Each month, we will provide information regarding the previous month’s climate. Overall, preliminary data analysis suggests that September 2012 was tied with 2005 as the warmest on record (since 1880). Major stories include a warm first 9 months for the contiguous United States, warmer than normal Australia, flooding in western Africa, and continued neutral conditions for El Niño and La Niña. More detailed information follows.
Dataset Name: 20121023 EarthNow: September 2012 Highlights
- This dataset shows some of the major September weather and climate highlights from the National Climatic Data Center’s (NCDC) monthly global climate analysis, and serves as an overview of what can be discussed in the datasets that follow. Highlights are noted below with more information.
- Contiguous United States: Warmest first nine months (January-September) on record.
- Alaska: Fifth wettest September on record (since 1918)
- El Niño/Southern Oscillation (ENSO): Neutral (not El Niño or La Niña) conditions prevailed in the eastern tropical Pacific Ocean. It should be noted, however, that water temperatures in the region are above normal, just not to the El Niño threshold. See the “SST Anomalies Dataset below” to see the data. Click here for more information about ENSO and how it may impact the climate outlook for the coming months.
- Japan: Record warmth in September with temperatures 3.7˚C (6.7˚F) above average. Southern Japan is not included in this, as a super typhoon impacted that region, affecting temperatures.
- Australia: Third warmest September maximum (high) temperatures on record (since 1950) (1.94˚C, 3.49˚F above average)
- Africa: Heavy rainfall and deadly flooding impacted parts of western and central Africa.
- Hungary: Severe drought impacted parts of central Europe, including Hungary which experienced its worst drought in 20 years.
- United Kingdom: Coolest September since 1994.
- Argentina: Warmest September temperatures in 50 years.
- Arctic Sea Ice: Smallest September extent on record (48.7% below 1979-2000 average)
- Antarctic Sea Ice: Largest September extent on record (3.5% above 1979-2000 average)
Global Temperature Anomalies Dataset
Dataset Name: 20121023 EarthNow: RT Monthly Temperature Anomalies
- Using the real-time Monthly Temperature Anomalies dataset is a great way to convey where some of the warmer and cooler than average areas were in September, including those mentioned above in the highlights.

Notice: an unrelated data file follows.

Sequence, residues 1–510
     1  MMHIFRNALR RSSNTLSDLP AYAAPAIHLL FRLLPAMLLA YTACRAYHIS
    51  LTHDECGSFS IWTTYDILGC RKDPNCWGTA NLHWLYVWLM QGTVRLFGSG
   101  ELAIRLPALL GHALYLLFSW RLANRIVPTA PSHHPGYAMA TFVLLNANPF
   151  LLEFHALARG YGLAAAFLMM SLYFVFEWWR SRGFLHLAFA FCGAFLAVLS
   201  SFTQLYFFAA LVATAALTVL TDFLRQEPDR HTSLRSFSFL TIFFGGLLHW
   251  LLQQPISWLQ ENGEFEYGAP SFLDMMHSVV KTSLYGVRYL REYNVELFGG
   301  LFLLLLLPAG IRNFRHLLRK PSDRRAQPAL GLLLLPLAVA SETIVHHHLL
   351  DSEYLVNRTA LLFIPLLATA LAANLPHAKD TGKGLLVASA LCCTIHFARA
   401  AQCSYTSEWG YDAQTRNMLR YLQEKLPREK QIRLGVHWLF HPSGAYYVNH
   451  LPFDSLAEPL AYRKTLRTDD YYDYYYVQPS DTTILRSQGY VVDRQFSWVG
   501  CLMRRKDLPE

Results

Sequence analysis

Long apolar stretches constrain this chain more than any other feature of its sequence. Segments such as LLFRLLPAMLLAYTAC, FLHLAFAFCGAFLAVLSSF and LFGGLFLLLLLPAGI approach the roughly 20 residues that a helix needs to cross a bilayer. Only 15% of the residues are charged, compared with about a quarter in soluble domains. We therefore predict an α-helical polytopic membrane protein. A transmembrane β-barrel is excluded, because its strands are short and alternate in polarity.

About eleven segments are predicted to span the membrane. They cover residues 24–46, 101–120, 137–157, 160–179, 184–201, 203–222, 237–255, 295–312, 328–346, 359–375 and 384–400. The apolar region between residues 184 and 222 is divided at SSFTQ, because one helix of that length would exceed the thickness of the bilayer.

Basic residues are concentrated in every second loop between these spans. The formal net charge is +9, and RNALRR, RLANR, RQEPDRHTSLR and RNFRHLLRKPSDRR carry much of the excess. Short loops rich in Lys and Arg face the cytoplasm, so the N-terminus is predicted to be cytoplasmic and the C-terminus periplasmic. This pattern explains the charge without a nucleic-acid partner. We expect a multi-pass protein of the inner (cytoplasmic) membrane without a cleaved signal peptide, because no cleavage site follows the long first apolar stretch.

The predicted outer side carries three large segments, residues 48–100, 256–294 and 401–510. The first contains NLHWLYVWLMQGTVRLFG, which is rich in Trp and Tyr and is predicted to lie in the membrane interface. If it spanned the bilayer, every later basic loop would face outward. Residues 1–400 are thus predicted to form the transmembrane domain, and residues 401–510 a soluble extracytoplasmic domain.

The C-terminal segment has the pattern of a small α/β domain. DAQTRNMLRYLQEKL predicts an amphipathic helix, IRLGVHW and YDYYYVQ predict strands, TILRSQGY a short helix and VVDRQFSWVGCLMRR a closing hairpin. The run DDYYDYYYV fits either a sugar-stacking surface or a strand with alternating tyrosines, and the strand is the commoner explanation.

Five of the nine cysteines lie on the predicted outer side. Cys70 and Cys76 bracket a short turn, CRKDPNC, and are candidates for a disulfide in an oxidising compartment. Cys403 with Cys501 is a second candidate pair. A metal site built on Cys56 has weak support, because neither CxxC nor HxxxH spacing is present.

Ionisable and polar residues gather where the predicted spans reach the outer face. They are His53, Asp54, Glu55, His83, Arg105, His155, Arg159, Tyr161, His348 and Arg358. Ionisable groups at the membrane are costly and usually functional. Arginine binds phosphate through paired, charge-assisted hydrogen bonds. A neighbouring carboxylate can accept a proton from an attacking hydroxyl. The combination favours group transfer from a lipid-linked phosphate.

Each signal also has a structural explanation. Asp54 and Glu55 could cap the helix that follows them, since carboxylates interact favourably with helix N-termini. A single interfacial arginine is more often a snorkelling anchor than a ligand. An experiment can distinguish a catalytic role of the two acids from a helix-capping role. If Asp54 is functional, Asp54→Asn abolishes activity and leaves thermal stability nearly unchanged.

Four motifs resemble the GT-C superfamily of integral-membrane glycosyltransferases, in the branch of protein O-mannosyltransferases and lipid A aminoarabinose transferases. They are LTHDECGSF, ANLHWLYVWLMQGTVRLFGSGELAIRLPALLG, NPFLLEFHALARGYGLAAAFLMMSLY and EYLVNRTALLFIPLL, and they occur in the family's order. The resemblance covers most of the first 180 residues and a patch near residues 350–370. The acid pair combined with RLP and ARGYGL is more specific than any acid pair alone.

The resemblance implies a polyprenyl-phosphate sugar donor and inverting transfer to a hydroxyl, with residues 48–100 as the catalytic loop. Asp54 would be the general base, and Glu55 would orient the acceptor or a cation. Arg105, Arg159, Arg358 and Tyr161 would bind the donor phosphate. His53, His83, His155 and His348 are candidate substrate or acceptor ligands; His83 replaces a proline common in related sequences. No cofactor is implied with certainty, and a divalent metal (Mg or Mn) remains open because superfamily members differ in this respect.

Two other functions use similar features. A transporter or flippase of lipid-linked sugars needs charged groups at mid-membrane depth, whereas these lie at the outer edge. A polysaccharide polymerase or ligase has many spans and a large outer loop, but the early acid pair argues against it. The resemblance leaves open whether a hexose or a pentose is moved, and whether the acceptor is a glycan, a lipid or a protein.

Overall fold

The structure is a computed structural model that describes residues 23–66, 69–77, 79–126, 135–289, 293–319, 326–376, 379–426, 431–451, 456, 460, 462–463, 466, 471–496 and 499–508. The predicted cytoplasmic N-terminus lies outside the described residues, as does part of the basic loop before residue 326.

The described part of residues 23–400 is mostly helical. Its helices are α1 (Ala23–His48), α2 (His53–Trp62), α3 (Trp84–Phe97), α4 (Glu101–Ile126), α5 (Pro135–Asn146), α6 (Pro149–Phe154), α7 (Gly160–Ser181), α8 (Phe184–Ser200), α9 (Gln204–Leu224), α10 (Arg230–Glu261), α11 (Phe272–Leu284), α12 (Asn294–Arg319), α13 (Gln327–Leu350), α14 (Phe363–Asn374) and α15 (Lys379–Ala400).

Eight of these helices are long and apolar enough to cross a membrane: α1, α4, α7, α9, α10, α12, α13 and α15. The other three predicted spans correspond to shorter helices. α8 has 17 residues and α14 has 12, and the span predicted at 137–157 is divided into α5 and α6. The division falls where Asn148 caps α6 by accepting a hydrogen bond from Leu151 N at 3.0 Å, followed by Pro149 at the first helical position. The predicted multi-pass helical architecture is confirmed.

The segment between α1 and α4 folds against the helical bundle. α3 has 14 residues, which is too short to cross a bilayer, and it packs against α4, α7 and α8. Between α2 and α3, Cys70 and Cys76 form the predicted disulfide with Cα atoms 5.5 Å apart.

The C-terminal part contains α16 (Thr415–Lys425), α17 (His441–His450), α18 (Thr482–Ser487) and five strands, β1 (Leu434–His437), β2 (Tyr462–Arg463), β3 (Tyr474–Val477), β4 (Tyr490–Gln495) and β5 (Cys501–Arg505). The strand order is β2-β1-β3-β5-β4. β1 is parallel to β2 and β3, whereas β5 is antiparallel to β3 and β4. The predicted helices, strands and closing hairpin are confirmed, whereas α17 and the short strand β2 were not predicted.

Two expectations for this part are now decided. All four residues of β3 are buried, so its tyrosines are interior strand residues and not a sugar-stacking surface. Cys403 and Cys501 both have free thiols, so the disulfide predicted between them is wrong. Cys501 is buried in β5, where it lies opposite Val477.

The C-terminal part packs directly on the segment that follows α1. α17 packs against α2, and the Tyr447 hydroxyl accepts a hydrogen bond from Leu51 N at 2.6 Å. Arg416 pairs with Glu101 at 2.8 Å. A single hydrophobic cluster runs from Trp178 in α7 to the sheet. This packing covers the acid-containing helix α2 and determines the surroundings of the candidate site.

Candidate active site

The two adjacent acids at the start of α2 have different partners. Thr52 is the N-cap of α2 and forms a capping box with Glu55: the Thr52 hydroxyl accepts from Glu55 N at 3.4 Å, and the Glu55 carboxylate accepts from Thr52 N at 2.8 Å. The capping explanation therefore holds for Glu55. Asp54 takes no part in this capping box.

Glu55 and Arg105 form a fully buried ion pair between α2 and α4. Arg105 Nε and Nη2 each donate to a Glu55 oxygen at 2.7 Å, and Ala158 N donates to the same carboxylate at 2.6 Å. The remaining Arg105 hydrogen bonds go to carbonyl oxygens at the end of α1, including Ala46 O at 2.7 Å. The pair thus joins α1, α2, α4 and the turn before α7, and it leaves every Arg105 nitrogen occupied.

- The combined global land and ocean average surface temperature for September 2012 was tied with 2005 as the warmest on record (since 1880).
- Please see the “September 2012 (and 2005) Warmest on Record” post for more information.
Sea Surface Temperature Anomalies Dataset
Dataset Name: 20121023 EarthNow: RT SST Anomalies
- The real-time sea surface temperature anomaly dataset is a great way to visualize the El Niño – Southern Oscillation (ENSO) cycle in the eastern tropical Pacific ocean. This helps show the moderating water waters, indicating the loss of La Niña and potential transition to an ENSO Neutral period.
- Remember that the blues indicate cooler than average temperatures and reds indicate warmer than average temperatures (white: average).
Snow and Ice Cover Dataset
Dataset Name: 20121023 EarthNow: RT Snow and Ice Cover
- Aside from helping to illustrate seasonal changes, the real-time Snow and Ice Cover dataset is a great way to convey sea ice change through time, including discussing how the current sea ice extent compares to other noteworthy years.
- The Arctic sea ice extent in September was the smallest on record. The extent was 48.7% below the 1979-2000 average.
- In Antarctica, the August sea ice extent was the largest on record, at 3.5% above the 1979-2000 average.
Where do I find the datasets?
First, check your SOS system to make sure it’s not already in the EarthNow category.
If not, you can download the datasets and playlist files from this FTP Site.
Then download and use playlist files at the top of the page (or create your own) and make sure they are in /home/sos/sosrc or /home/sosdemo/sosrc.
Helpful Resources for More Information
http://www.ncdc.noaa.gov/oa/ncdc.html National Climatic Data Center (NCDC)
http://www.ncdc.noaa.gov/teleconnections/enso/enso-tech.php About ENSO (El Niño/La Niña)
http://www.ncdc.noaa.gov/sotc/global/ NCDC’s Global Climate Report